Speaking to School-Aged Children
School-aged children are particularly impressionable. At this age they begin to repeat what they hear from their parents and those around them. Your children will likely be exposed to kids at school who say negative things. It’s important to speak to them about this. It’s also important to be mindful about what you say.
Ask them about what they hear at school and teach your children it is never okay to make comments about another person’s skin color. Continue instilling the value that all people are equal and that what matters is how they treat others. Tell them that those who say negative things about others based on their skin color are wrong.
During this time children are also susceptible to peer pressure or group mentality. If they hear their friends saying racist things they may join in to fit in, even if they don’t believe them. Explain that this is not okay and that even if they think they are joking that it is a very serious topic.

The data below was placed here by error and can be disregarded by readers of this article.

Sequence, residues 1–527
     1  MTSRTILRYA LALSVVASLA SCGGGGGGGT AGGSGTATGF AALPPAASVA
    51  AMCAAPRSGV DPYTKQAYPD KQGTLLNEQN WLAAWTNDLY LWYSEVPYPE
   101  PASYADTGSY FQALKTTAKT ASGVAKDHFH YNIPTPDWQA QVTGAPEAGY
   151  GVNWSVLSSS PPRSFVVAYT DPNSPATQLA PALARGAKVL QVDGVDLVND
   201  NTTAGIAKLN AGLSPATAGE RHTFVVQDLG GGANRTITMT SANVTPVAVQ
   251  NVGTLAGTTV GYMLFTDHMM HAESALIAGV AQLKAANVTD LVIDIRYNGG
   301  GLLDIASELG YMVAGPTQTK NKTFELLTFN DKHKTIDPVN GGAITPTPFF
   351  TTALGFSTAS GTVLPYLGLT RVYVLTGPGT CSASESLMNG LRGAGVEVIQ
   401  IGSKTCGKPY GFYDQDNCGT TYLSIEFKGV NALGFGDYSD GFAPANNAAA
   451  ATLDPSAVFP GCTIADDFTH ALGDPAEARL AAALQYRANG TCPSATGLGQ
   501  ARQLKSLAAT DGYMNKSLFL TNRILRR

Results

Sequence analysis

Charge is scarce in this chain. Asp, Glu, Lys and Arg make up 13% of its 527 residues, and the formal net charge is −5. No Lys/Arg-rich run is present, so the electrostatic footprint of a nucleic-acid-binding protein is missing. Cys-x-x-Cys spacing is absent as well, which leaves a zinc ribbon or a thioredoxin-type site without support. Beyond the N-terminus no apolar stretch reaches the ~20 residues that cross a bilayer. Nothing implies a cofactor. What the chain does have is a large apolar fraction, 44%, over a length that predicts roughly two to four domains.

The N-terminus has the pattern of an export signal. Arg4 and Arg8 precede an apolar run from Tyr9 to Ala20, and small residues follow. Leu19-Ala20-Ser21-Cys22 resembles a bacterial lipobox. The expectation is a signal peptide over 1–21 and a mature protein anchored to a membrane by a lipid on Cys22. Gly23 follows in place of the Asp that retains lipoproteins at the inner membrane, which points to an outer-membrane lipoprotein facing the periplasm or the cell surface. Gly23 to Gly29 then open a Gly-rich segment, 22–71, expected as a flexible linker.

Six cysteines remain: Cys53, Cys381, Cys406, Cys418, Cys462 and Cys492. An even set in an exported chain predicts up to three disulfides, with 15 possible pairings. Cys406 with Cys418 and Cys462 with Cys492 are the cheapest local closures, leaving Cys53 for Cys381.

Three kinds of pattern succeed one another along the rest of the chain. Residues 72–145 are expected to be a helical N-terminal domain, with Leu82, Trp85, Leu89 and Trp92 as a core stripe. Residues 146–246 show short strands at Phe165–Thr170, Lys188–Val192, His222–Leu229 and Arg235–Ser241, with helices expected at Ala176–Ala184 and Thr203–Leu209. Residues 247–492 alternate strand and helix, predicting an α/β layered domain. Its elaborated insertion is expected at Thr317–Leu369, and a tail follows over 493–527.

Speaking to Teens
By the time your children are teenagers they have the ability to understand what’s happening on the news as well as the conversations that are happening around them. They likely also have their own opinions on the matters. Teens today are more connected to the outside world than ever before, through smart phones and social media. It can be challenging to control what your teen sees when they’re online.
When considering how to talk to your child about race at this age, the best approach is to have an open and honest conversation. Ask them what they are seeing online and if they have any questions. Ask them what their feelings are on the matter. You may also want to ask them what their friends are saying. Now may be a good time to introduce the idea of not only disagreeing with racism, but being actively anti-racist.
While rejecting the idea of racism and embracing equality are both GR8 things to teach your children, in today’s world it’s essential that we also teach them to be anti-racist. You may not yet be familiar with the concept either, but as you learn you can teach your children.